The People’s Seminary is delighted to announce that the English translation of Daniel Bourguet’s The Humble Divinity of Jesus in Mark’s Gospel, Volume 2, Chapters 10-16. This excellent book is now available for purchase here.
Daniel Bourguet’s many writings inspire me in my reading of the Bible. I believe he will inspire you too! He models an approach that is deeply contemplative and faithful to the detail of the Biblical text, inspiring faith, action and more thoughtful and prayerful reading of Scripture. Following is an excerpt from the introduction, and an excerpt from his treatment of Jesus’ healing of the woman with the issue of blood.
“Today, the perfect humanity of Christ does not need emphasizing since so many books are devoted to the theme, and rightly so; by contrast, the divinity of Christ does seem to me less commonly treated, and this impels me to bring it to the fore, without of course in any way impugning his
If we have difficulty today perceiving the divinity of Jesus, it seems to me this is because he is humble, and in our eyes humility is incompatible with the glory of divinity. It’s certainly true that Jesus is humble, and I would say doubly so, humble in his humanity as well as in his divinity since God himself is humble. This is unacceptable to anyone who thinks that God cannot be both glorious and humble. What exactly though is glory? If the most glorious of kings is also proud, his pride tarnishes his glory and diminishes it. However, if he is humble, his humility embellishes and enhances his glory. Humility goes wonderfully with glory. To say that God is humble takes away nothing from his glory; on the contrary, it elevates and makes it still more magnificent. The perfect humility of Jesus beautifies his humanity and his divinity as well. On this basis, we mustn’t be given pause by Jesus’ humility but should rather welcome it as a quality which both hides and reveals his divinity.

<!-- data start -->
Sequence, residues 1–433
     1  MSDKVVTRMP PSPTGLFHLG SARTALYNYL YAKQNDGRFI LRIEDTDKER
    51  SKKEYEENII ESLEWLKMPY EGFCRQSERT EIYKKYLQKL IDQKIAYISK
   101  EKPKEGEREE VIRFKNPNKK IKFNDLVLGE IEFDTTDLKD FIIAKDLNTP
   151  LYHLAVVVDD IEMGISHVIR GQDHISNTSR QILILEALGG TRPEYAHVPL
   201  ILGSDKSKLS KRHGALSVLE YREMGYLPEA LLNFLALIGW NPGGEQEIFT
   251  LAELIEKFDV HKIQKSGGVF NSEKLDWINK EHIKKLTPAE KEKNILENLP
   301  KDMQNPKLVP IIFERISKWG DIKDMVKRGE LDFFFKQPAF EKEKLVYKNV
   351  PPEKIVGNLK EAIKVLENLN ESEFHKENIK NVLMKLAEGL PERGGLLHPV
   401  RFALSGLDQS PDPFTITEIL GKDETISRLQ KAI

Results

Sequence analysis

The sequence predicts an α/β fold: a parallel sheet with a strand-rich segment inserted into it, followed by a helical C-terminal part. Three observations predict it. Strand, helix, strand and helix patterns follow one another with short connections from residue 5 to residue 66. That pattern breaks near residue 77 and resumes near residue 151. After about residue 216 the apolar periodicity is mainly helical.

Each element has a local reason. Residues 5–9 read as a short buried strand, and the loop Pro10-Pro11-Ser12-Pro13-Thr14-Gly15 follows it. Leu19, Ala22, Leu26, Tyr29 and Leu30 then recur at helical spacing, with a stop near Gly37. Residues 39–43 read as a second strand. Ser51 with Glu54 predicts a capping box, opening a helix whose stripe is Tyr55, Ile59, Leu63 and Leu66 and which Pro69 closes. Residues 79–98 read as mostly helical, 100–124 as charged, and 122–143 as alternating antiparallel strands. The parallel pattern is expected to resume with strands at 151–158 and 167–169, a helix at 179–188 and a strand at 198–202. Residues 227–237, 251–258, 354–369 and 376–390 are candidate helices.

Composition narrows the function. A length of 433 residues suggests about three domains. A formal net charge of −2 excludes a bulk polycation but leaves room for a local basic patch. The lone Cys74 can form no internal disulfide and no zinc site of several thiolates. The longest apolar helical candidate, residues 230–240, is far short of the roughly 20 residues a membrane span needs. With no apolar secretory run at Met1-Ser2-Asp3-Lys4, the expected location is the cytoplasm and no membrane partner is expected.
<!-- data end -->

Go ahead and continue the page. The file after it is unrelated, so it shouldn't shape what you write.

Mark the contemplative
A striking feature of Mark’s gospel is its great sobriety; it’s certainly very succinct. To me, this shows that Mark had no wish to invent but wanted to hold humbly and strictly to what he had received from Peter, Paul and certain other witnesses of Christ he had met. His great sobriety also shows us that Mark had well understood that the divine-humanity of Christ is a real mystery which takes us deep into the inexpressible — in his divinity Jesus is beyond anything we could say of him. None of our human languages is able to speak of God or of the divinity of Jesus. To mitigate this deficit in our words, Mark is content to suggest, to evoke a mystery which is far beyond us but is offered to us for contemplation. The sobriety seems to me to belong to a contemplative; and it seems to me this is just Mark is, a contemplative open to the inexpressible, open and sensitive to the mystery of God. In passing on as he does the fruits of his contemplation, Mark conveys all he had been granted to perceive of the perfect divinity of Christ but without losing anything of his perfect humanity.
I find Mark interesting in that like us he had not met Jesus so, like us, depended on the witness of others and had to learn to trust them. He interests me particularly because he helps us to open ourselves to contemplate the mystery of the divine-humanity of Jesus.
How paradoxical, that Mark should contemplate Jesus though he had never seen him! It’s true though, and it’s the same for us, that to contemplate does not mean fixing our physical eyes on Christ, on his visible humanity, but our inner eyes on his invisible divinity as it is seen through his full humanity. This is a gift of the Holy Spirit.